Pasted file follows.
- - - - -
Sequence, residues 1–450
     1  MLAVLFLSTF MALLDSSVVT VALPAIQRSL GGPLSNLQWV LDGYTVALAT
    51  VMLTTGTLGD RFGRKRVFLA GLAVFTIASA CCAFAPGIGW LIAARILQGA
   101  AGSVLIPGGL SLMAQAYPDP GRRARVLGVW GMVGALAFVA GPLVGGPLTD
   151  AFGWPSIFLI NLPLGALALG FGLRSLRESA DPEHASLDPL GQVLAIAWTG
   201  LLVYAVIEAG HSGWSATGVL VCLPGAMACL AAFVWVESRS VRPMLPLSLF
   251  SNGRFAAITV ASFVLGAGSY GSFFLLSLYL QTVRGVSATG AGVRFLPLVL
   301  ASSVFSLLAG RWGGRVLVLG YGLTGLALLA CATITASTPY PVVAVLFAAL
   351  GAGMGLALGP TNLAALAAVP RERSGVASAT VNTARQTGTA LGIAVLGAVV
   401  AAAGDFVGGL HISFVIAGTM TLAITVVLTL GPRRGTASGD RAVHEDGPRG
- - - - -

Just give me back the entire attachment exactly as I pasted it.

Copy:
Sequence, residues 1–450
     1  MLAVLFLSTF MALLDSSVVT VALPAIQRSL GGPLSNLQWV LDGYTVALAT
    51  VMLTTGTLGD RFGRKRVFLA GLAVFTIASA CCAFAPGIGW LIAARILQGA
   101  AGSVLIPGGL SLMAQAYPDP GRRARVLGVW GMVGALAFVA GPLVGGPLTD
   151  AFGWPSIFLI NLPLGALALG FGLRSLRESA DPEHASLDPL GQVLAIAWTG
   201  LLVYAVIEAG HSGWSATGVL VCLPGAMACL AAFVWVESRS VRPMLPLSLF
   251  SNGRFAAITV ASFVLGAGSY GSFFLLSLYL QTVRGVSATG AGVRFLPLVL
   301  ASSVFSLLAG RWGGRVLVLG YGLTGLALLA CATITASTPY PVVAVLFAAL
   351  GAGMGLALGP TNLAALAAVP RERSGVASAT VNTARQTGTA LGIAVLGAVV
   401  AAAGDFVGGL HISFVIAGTM TLAITVVLTL GPRRGTASGD RAVHEDGPRG